Sumatra, Indonesia; Today two of Fauna & Flora International’s Tiger Conservation Protection Units returned from the field after a five day ‘snare sweep’ in Kerinci Seblat National Park forest on the Bengkulu border in Indonesia.
The patrol was launched on the basis of information received advising tiger snares had been laid and were active there.
Debbie Martyr, Field Coordinator for FFI’s Kerinci Tiger Protection Programme advised that in addition to the actual snares, the rangers were “looking for evidence to support information that a tiger had been snared – and managed to release itself – in the area only weeks earlier.”
As a result of this patrol, a total of eight dedicated tiger ‘cable’ snares were uncovered on ridge trails running west-east between three local rivers.
This is the highest number of tiger snares this team has found and destroyed in a single patrol since early 2004. Only tiger snares were found, no deer or bird snares, providing categorical evidence this was focused poaching of the Sumatran tiger.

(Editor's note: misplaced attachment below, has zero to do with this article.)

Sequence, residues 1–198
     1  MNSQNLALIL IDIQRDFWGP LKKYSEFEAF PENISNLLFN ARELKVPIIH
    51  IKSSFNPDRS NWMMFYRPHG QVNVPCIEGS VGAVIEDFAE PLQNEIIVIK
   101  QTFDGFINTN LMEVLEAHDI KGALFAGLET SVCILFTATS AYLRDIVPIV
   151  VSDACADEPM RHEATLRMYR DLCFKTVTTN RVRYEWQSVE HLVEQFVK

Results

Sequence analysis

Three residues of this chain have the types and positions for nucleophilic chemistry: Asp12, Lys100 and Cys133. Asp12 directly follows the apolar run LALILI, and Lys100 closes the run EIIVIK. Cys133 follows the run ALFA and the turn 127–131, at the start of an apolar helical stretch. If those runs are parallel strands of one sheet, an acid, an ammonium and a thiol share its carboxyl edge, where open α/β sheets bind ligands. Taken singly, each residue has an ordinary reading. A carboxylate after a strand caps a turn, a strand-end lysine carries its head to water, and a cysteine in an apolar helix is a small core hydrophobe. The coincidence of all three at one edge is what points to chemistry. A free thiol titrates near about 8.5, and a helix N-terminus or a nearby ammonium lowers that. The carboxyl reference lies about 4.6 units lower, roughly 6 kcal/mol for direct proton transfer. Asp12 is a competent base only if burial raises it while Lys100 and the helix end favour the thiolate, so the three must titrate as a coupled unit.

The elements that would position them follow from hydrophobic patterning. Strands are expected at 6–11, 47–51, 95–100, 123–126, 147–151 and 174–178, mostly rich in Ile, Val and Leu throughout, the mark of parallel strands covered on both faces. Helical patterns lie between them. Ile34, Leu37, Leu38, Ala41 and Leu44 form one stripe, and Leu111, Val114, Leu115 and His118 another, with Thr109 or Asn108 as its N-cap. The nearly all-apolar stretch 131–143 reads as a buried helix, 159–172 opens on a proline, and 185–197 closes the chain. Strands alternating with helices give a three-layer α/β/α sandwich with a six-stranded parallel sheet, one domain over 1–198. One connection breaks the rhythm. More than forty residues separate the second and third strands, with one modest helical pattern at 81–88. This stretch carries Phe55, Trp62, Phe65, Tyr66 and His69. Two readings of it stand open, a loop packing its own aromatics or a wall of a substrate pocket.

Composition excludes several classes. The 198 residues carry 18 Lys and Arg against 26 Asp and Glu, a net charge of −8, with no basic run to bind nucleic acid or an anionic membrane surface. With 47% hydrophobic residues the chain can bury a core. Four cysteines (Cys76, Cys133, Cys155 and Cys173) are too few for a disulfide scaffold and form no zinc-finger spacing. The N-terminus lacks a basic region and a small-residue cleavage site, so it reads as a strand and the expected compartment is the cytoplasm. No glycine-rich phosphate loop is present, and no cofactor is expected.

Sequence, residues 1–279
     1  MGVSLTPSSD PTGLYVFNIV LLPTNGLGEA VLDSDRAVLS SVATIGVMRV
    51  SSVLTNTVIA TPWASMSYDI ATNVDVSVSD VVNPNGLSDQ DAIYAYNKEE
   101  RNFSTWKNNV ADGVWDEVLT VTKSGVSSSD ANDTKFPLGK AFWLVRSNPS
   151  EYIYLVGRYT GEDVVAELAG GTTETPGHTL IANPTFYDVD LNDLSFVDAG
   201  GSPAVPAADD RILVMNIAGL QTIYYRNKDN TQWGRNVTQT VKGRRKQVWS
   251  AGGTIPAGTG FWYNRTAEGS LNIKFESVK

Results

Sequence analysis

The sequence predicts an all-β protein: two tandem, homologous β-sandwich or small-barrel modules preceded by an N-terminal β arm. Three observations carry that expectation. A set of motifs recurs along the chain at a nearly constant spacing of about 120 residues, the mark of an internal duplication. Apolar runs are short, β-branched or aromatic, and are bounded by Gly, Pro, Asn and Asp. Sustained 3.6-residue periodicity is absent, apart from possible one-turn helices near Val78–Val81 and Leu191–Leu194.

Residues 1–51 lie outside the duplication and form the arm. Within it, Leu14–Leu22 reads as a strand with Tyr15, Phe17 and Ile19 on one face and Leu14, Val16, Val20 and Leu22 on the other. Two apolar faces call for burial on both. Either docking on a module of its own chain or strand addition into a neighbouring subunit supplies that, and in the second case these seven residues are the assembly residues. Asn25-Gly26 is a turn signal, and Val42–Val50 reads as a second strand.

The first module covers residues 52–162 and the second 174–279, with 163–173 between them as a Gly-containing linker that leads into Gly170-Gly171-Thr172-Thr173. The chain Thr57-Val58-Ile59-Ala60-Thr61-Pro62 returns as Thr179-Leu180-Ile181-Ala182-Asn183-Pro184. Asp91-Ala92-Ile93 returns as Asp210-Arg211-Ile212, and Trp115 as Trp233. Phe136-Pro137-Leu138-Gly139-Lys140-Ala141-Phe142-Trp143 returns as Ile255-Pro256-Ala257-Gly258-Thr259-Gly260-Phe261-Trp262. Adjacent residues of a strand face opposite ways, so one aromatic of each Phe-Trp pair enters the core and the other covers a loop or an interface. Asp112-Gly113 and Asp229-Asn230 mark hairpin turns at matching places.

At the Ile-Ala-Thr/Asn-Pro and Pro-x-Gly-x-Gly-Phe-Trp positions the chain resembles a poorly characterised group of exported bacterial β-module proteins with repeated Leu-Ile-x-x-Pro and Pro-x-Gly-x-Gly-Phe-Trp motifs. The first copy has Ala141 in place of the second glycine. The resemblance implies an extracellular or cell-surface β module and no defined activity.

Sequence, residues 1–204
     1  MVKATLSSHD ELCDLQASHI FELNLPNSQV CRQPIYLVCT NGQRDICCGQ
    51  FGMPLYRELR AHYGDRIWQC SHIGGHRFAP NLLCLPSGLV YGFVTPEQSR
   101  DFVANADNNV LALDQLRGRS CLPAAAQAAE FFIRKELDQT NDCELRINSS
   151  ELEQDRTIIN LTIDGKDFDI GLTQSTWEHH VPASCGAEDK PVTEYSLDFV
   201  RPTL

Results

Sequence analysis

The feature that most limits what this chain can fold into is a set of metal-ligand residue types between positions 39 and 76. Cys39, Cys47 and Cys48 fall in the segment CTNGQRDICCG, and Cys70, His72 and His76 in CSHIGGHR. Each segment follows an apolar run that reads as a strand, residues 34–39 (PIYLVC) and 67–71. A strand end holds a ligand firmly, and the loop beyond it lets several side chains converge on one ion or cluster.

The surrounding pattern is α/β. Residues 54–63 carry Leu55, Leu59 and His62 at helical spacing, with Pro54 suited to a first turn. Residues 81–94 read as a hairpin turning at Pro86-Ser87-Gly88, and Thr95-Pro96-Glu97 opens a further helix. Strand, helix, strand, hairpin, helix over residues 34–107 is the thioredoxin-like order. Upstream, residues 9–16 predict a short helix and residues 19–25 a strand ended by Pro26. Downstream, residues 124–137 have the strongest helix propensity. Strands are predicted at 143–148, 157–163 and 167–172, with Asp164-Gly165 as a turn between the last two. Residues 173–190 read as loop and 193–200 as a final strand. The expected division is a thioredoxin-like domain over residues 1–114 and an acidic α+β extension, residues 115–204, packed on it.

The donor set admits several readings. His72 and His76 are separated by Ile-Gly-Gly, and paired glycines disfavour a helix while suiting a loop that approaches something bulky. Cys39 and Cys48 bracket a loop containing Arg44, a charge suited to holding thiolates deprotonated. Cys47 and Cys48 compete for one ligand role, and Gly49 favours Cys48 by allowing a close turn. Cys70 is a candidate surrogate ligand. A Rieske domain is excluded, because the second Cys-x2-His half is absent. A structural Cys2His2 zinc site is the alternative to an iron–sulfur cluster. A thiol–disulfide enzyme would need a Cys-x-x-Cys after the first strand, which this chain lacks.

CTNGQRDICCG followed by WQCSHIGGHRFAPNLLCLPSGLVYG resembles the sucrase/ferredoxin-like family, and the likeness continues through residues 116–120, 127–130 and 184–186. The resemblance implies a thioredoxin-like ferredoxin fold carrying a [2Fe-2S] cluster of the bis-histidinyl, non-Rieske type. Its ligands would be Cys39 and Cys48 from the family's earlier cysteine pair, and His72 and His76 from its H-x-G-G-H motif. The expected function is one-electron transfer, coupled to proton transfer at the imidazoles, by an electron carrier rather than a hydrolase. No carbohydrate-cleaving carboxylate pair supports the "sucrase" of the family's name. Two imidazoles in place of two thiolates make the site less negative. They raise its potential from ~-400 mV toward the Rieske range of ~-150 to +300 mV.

Debbie Martyr said, “We are pretty satisfied now that this is the location where recently two of our tigers were snared and killed, sold to a local dealer (identified) and thence to another dealer (identified) in a park edge district and province.”
The population of the critically endangered Sumatran tiger currently stands at less than 500 individuals, 150 of which live in and around Kerinci Seblat National Park, making this the largest known population and one of 12 global priorities for tiger conservation.
Despite clear indications of an increase in tiger populations where the TCPU is active, people continue to be their biggest threat and seizing eight snares in one patrol is a bittersweet victory.